A Chance for Change
Guess you don’t have to “sell it to snatch the Grammy” after all.
By Quintara Hatten, University of South Carolina-Columbia
By winning big at the Grammys without selling a single physical copy of his music, Chance the Rapper defied all odds.
The win was historic, but what does it mean for artists to come?
In the past few years, there has been a lot of controversy surrounding the Grammys and why particular celebrities refuse to attend. From Kanye West to Frank Ocean, the Recording Academy has been receiving backlash that claims the awards are biased.
New upcoming artist, Chancelor Bennett, better known as Chance the Rapper, is one of the most successful independent artists in hip-hop music. Not only has he never been signed to a label, the 23-year-old balks at the idea of ever being signed. The success Chance has seen even encouraged the Recording Academy to open up nominations to streaming-only albums, as the medium is on the rise and was previously not considered for awards.
Even former President Barack Obama believes that Chance could easily be selling his music for profit. In a GQ interview, Chance said about the White House, “Oh yeah. They’re bumping ‘Coloring Book’ hard up there. If you go up there, you’ll probably hear ‘Coloring Book.’ This is not a joke at all.”
But, despite his intense adoration for the former president and first family, Chance is determined to keep his music free. By “free,” he means to keep his music for streaming-only.
Chance’s nomination just reaffirmed that “Coloring Book” had a historic roll-out. The album became the first-ever streaming-only album to enter the Billboard 200. Since the Recording Academy’s change in the rules for eligibility for a Grammy, Chance later created an interesting ad asking for a Grammy consideration.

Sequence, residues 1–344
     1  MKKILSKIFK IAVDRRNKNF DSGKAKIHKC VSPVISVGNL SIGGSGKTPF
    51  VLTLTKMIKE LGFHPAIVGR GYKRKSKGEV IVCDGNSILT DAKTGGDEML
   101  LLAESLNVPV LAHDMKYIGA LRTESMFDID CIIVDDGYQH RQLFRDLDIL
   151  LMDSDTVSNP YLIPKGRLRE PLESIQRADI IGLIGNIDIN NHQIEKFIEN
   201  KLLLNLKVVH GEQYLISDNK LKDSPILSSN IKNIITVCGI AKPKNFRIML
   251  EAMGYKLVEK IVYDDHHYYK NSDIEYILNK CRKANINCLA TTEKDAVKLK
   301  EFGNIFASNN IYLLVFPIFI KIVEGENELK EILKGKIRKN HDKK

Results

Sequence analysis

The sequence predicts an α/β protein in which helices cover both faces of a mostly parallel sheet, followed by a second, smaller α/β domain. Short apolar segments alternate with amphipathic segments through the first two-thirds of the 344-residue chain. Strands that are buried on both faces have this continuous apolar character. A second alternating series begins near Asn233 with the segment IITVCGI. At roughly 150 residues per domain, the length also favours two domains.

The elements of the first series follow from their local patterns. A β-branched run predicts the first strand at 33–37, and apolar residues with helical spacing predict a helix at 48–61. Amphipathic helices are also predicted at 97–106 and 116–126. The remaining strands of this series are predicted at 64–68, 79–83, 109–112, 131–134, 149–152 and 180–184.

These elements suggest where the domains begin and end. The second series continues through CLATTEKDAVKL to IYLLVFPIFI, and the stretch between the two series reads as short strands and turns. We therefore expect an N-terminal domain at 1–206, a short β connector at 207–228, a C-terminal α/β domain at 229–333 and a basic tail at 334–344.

In the Best Rap Album category, Chance’s “Coloring Book” was an undeniable underdog. Still, he managed to surpass Kanye West’s “Life of Pablo,” Schoolboy Q’s “Blank Face LP,” DJ Khaled’s “Major Key” and Drake’s “Views.”
Thanks to advances in accessibility to technology and the internet, the medium for music is evolving, as streaming is changing the way artists release albums; as a result, albums are increasingly seen as an art form. Technology and streaming is changing how a listener might support their favorite artist as well. Looking beyond Chance the Rapper’s streaming-only album, the 2017 Grammy Awards showcased many different nontraditional albums, such as the artistic audiovisual pieces by Beyoncé and Justin Bieber.
According to Nielsen ratings, the largest share of listeners streaming music are hip-hop fans, which is a major factor in the rise in popularity of the genre. The option of streaming gives users a chance to discover new artists without committing to spending their money on only one album. “Coloring Book” could easily be the beginning of a revolution of new artists, as listeners will be able to access their music much easier than before.
What does this mean for new artists who wants to become independent? The need for artists to be signed to big name record labels has significantly decreased, while the chances of their music becoming more popular has increased. New and old Chance the Rapper fans alike are celebrating this historic Grammy win, and this is not the end for him or his music. You can be sure that streaming albums will be on the rise for more Grammy nominations and awards in the future.